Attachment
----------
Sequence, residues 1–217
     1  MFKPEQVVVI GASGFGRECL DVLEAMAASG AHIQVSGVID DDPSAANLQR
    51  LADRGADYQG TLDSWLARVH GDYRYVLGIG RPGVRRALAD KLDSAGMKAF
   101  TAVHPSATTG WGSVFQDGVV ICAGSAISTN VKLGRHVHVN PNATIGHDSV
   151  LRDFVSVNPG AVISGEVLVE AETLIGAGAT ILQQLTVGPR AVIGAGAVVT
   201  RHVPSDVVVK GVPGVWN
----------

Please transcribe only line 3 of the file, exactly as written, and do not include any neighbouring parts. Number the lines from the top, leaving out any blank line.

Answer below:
    51  LADRGADYQG TLDSWLARVH GDYRYVLGIG RPGVRRALAD KLDSAGMKAF